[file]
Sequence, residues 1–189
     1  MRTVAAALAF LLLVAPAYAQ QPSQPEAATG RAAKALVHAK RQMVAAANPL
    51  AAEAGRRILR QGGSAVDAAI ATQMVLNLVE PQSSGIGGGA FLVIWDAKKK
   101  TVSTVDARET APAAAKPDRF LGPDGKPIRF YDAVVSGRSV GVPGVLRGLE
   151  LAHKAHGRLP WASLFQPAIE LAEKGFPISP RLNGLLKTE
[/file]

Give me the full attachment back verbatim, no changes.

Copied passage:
Sequence, residues 1–189
     1  MRTVAAALAF LLLVAPAYAQ QPSQPEAATG RAAKALVHAK RQMVAAANPL
    51  AAEAGRRILR QGGSAVDAAI ATQMVLNLVE PQSSGIGGGA FLVIWDAKKK
   101  TVSTVDARET APAAAKPDRF LGPDGKPIRF YDAVVSGRSV GVPGVLRGLE
   151  LAHKAHGRLP WASLFQPAIE LAEKGFPISP RLNGLLKTE